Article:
Outcome of Comprehensive Psycho-educational Interventions for Young Children with Autism
Eikeseth, S. (2009). Outcome of comprehensive psycho-educational interventions for young children with autism. Research in Developmental Disabilities, 30 (1), 158-178.
Reviewed by Kathleen Moran, MA,
Why study this topic?
With the causes of autism currently unknown, psycho-educational treatments are the primary interventions for individuals with autism. However, while many psycho-educational interventions have become popular, systematic evaluations are needed to determine the extent to which they have scientific support.
What did the researchers do?
The researchers in this study conducted a search of the scientific literature to find articles evaluating comprehensive psycho-educational interventions in children under the age of six. Twenty-six studies were reviewed and rated according to their scientific strength as well as the significance of the results that were seen in the individual studies. Twenty-one of the studies evaluated applied behavior analytic (ABA) treatment; 3 studies evaluated TEACCH and 2 studies evaluated the Denver Model developed at the Colorado Health Sciences Project. ABA treatments aim to improve socially important behavior by using interventions that are based upon principles of learning theory and that have been evaluated in experiments. TEACCH ((Treatment and Education of Autistic and related Communication handicapped Children) is designed to accommodate the learning styles characteristic of children with autism through strategies such as presenting visual cues and setting up distraction-free work stations. The Denver Model is a developmental therapy that emphasizes promoting social communication during ongoing playful interactions between a therapist or parent and a child with autism. The quality of the science was broken down into 4 levels based on scientific rigor, from Level 1 (strong research design with random assignment of participants to a treatment group and a control group, monitoring of the quality of treatment, and comprehensive outcome assessments) to Insufficient Scientific Value (studies with significant scientific flaws, such as not using a comparison or control group). The magnitude of improvements was also broken down into 4 levels, with Level 1 referring to studies that showed significant differences between the treatment group and control group in both IQ and adaptive functioning, and Level 4 studies observing improvements only between pre and post intervention.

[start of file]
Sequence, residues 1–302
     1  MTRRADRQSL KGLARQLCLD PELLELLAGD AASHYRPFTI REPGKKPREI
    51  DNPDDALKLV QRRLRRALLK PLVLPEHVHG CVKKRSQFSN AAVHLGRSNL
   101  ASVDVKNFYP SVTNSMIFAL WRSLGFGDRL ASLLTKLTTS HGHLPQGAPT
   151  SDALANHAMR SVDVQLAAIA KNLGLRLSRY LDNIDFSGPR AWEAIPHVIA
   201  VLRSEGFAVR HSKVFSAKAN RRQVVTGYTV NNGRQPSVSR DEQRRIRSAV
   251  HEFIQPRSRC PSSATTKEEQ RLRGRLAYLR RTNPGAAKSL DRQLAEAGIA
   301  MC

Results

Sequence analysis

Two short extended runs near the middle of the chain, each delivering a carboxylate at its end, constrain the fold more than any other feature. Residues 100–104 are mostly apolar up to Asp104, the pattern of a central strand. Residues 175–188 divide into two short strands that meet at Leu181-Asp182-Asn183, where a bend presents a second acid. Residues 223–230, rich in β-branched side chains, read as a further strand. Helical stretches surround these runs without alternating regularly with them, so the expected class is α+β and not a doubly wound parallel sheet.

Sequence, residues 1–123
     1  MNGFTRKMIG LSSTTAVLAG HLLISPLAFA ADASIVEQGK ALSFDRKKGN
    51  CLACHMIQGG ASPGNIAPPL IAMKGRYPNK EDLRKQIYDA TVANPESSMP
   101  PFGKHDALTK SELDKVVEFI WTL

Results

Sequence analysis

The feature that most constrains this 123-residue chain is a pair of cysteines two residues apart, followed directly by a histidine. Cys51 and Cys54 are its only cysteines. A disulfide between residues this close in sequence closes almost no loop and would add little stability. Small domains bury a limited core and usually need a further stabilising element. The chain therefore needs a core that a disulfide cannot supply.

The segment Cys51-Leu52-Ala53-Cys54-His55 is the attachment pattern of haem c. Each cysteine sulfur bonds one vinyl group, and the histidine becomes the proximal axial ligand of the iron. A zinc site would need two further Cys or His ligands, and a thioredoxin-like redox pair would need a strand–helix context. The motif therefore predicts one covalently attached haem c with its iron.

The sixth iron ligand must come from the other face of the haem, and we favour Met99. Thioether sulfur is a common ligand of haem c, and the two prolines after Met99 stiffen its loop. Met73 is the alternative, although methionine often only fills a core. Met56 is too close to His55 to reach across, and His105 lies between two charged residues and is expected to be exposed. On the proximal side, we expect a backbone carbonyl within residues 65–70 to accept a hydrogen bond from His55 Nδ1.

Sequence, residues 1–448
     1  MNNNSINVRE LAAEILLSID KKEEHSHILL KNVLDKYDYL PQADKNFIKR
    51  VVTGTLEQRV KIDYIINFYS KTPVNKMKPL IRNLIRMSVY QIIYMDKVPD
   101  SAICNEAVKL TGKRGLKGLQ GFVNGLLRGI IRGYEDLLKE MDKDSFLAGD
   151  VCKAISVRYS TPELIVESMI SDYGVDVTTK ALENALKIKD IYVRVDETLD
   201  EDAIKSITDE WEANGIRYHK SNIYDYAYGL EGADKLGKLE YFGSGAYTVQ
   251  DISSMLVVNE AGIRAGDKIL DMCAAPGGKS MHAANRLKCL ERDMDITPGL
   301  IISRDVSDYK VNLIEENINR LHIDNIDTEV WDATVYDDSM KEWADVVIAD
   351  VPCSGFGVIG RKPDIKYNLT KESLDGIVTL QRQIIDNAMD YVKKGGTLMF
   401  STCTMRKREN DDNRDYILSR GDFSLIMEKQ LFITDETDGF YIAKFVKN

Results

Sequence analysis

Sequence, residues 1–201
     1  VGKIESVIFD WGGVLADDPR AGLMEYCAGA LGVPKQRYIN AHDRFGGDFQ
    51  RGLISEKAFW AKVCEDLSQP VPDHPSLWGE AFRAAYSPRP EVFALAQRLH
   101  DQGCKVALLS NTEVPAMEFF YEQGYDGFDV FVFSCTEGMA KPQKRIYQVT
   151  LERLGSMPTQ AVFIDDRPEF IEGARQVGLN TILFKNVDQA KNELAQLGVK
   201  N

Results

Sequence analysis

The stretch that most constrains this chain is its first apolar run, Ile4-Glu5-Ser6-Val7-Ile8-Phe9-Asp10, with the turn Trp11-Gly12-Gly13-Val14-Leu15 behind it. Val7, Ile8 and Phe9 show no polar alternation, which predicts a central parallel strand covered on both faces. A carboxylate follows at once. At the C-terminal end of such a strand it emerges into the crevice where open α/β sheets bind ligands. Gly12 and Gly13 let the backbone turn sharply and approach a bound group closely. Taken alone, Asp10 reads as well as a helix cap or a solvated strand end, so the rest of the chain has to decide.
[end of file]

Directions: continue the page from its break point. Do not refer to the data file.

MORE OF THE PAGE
What did the researchers find?
While only 1 of the twenty-six studies achieved a scientific quality score of 1, and only 4 others achieved a rating of 2, all 5 of these studies were on ABA interventions. Additionally, ABA studies received all four Level 1 scores for the significance of results, as well as three of the studies receiving Level 2 ratings. This indicates that children receiving ABA improved significantly in IQ, adaptive functioning, and language skills, as compared to the control groups in their respective studies. It can also be noted that studies on TEACCH and the Denver model only achieved Levels 3 or ISV in this review with regard to scientific quality. Based on these results, the author classified ABA as a "well established" intervention, according to guidelines set forth by Chambliss and colleagues. The TEACCH approach and the Colorado Health Science model did not meet criteria as "well established" or "probably efficacious" by these same standards.
What were the strengths and limitations of the study? What do the results mean?
The author concluded that ABA can be considered an effective psycho-educational intervention for children with autism spectrum disorders. He highlighted a need for additional high quality empirical research on other treatments and outcomes.